By Tyler Schneider
There are two separate races among five candidates in the Ward 2 District. Incumbent Dan Hartman is running against Mark Bybee and Irene Kendrick for his seat which expires in 2023. The second is for an unexpired term held by Alderman Annette Turnbaugh who was recently elected to MO State legislature for District 37. Bud Day and Joe Runions compete for her former spot. Ward 2 includes Grandview residents west of 71 Hwy.
Ward 2 (expired term)
Mark Bybee has been a UPS employee since 1983 and now lives in the same Suburban Acres area house in which he grew up in Grandview. His wife, Kaele Bybee, is also running as a mayoral candidate. If elected to represent Ward 2, Bybee would look to bring businesses back to parts of town where they are needed most, particularly on the south side. He lists Truman’s Marketplace as an example of the type of development he would seek for other areas of the city, including downtown along Main Street. “We don’t have a grocery store on the south side of town and we used to at least have two,” he says. Bybee describes the Grandview Parks and Recreation as “one of the crown jewels that we do have,” though he would welcome the return of a city pool and has plenty of concerns with how city leadership has handled the shooting range noise issue. “It was marketed as a public range, which, from what I have understood, is that public use of it has dwindled down to next-to-nothing. I feel that if we’re using tax dollars for that, we should be able to use it,” Bybee said, adding that the location was also an issue.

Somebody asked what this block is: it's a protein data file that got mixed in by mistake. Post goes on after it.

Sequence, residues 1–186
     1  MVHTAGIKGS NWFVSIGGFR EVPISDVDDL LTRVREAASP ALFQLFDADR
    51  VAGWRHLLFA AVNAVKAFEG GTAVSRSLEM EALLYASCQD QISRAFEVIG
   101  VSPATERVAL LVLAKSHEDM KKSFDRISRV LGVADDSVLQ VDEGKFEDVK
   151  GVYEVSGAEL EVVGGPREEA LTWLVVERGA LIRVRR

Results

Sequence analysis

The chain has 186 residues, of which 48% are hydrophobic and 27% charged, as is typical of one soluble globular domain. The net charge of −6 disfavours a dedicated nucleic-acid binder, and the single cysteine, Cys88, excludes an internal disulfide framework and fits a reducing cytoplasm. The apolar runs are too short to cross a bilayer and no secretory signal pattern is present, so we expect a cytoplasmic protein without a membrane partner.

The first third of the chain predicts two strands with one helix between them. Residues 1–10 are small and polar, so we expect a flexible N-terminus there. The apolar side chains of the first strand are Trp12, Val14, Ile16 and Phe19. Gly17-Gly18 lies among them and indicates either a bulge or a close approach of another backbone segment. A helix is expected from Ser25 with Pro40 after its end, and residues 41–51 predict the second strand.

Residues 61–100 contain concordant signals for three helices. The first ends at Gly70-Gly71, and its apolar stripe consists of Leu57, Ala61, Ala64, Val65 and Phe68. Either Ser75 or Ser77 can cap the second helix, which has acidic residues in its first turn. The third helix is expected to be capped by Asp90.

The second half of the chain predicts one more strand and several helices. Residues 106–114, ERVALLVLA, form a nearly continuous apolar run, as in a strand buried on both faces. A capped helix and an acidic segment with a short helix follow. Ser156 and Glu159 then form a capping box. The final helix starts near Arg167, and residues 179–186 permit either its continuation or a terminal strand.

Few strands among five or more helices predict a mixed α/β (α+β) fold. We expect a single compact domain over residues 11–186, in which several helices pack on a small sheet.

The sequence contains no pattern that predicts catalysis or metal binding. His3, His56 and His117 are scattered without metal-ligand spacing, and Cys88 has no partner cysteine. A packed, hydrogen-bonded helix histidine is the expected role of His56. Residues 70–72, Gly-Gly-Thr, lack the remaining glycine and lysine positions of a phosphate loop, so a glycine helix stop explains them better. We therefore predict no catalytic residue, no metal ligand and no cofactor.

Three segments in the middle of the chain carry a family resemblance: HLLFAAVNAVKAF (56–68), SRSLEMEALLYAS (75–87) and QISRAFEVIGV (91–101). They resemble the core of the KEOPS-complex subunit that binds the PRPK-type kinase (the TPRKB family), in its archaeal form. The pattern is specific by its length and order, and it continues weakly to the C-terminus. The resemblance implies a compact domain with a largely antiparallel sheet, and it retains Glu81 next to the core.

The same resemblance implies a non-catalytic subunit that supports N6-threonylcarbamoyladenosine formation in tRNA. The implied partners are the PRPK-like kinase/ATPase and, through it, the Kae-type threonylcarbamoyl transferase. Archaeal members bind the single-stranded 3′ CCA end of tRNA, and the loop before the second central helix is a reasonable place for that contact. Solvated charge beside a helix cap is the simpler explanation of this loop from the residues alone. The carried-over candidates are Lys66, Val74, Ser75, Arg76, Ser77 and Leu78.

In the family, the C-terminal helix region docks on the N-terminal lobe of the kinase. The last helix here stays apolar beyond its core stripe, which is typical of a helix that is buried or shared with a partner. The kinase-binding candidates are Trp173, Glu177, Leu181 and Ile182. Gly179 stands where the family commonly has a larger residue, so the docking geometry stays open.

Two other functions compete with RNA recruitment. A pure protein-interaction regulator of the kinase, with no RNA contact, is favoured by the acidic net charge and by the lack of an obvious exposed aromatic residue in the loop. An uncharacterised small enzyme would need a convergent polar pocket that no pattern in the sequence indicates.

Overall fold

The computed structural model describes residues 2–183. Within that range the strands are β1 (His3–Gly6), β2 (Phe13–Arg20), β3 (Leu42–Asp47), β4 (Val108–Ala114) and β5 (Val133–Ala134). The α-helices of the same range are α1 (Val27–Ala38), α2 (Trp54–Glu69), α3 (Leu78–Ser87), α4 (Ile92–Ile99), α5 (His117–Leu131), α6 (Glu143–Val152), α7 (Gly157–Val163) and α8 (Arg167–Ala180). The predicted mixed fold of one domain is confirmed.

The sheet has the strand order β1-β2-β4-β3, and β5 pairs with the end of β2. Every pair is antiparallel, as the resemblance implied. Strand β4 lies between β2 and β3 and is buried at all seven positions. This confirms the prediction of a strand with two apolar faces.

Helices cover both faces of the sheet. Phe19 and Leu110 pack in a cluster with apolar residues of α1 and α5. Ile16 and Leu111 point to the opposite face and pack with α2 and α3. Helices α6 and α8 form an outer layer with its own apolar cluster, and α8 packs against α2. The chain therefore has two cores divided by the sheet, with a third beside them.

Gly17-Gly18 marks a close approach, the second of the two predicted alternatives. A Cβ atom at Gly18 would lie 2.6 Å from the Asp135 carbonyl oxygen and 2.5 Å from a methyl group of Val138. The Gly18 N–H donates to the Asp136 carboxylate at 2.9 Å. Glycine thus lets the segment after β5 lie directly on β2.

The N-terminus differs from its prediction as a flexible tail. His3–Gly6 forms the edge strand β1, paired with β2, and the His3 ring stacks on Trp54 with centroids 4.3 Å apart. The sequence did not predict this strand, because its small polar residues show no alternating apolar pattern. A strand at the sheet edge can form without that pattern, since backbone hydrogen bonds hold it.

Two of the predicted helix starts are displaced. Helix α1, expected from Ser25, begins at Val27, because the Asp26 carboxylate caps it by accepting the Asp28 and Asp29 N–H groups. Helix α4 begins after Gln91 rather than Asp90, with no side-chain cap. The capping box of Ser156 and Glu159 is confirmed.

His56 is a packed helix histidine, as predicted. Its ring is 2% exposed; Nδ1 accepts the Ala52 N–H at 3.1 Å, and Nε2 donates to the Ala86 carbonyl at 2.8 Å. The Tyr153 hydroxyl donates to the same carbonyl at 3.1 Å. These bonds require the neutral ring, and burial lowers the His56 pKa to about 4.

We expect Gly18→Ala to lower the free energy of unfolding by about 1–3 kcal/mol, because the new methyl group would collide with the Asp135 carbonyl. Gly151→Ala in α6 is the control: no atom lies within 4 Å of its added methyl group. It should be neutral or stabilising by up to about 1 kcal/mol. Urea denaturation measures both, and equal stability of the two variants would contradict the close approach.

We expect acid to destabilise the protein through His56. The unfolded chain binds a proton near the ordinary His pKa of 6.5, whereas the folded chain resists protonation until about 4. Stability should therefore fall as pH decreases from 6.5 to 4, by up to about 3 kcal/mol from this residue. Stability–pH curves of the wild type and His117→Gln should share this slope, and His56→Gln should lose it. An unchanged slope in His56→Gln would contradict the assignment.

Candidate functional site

Dan Hartman, incumbent, is a lifelong Ward 2 resident who has served in his current position since April 2, 2019. Bringing his 45 years worth of public works experience as the former manager of Jackson County Public Water Supply District #1 to the table, Hartman would like to help “make Grandview the envy of the other surrounding cities.” “To do that, I believe we not only need better paying benefits for our workers here but (also) provide them with the best equipment that they need to do their jobs, no matter what the department,” Hartman says. “If we do that, morale goes up and that’s the best asset that we could have. We need to let those workers know that they’re liked, wanted and loved [in Grandview].” On the gun range issue, Hartman is both pragmatic and sympathetic. “It’s like raising a family, we kind of need to treat everybody the same. I know that’s going to be an expensive thing to try to fix, but, rather than spending that money on new things, I think we need to maintain what we have to make all of our citizens happy.”